I voted for Dennis Kucinich and championed him even after he dropped out of the running in 2004 and again last year. When it became clear Kucinich was not going to win the nomination in 2008, I did in fact root for Hillary Clinton for several reasons: 1) She won the popular vote in the primaries; 2) She began giving a very effective populist message in the late primaries as opposed to her earlier approach; 3) I felt having a woman as President could do the country good; and 4) I felt she was more experienced than Barack Obama.

I reject the labels of liberal and conservative as used by the mainstream media. They are virtually meaningless. For instance, to care about the environment is actually a conservative position. We even speak of "conserving" natural resources. I oppose casino gambling; some would call that a conservative position. But I am for unions and against the power of large corporations and the profit motive. Many would call these "liberal" positions, but to me they are just common sense. So, I don't consider myself "conservative" or "liberal", but I don't mind being called a leftist.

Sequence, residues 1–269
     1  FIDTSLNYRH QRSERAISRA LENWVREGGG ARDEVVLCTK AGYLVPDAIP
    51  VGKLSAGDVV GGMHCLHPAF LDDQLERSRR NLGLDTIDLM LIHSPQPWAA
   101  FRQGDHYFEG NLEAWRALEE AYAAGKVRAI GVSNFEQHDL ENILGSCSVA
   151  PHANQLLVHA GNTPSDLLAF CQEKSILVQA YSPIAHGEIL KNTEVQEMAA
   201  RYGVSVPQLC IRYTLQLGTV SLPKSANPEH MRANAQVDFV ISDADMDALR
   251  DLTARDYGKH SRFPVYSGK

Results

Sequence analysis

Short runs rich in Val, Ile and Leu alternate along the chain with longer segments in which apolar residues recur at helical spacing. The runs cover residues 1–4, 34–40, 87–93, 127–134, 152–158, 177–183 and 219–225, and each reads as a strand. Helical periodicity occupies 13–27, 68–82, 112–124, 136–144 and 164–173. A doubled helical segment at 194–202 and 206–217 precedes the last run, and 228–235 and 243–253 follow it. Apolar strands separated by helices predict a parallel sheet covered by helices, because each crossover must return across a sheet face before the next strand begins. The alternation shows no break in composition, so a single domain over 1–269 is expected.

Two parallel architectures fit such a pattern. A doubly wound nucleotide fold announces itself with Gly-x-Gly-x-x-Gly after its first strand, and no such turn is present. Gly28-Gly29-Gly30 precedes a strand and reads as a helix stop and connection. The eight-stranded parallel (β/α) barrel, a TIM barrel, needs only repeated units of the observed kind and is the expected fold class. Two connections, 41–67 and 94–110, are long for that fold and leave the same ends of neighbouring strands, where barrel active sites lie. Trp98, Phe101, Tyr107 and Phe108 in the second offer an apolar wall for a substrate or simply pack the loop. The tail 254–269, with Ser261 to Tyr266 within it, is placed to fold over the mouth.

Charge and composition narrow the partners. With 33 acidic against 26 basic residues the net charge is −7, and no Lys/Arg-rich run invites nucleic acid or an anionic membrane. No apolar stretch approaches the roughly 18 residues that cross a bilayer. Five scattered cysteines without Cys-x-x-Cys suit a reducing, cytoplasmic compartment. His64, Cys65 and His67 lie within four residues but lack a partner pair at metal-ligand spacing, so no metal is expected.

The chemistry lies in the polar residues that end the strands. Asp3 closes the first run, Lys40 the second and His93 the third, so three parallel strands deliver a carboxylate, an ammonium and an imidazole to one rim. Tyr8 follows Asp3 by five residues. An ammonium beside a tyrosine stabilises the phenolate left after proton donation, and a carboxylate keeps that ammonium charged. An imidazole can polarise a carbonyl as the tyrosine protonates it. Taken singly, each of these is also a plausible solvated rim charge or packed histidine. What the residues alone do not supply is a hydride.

As for Mr. Obama, I am very happy an African-American was able to win both the popular vote and the Electoral College vote....

The suits being filed against Mr. Obama (and there are several by different people) have nothing to do with him as a person or even his policies or his accomplishments. They have to do with his qualifications to be President under the Constitution. Unfortunately, it has become fashionable to denigrate the Constitution, either through words or actions or both. I didn't write the Constitution. But it does say that a person, in order to be President, must be a "natural-born citizen" of the United States (not "naturalized"). There is a difference. Thus, if Hillary Clinton were not natural-born or Kucinich or whoever, it wouldn't matter. Any person must meet this requirement (along with a couple of others) in order to serve as President.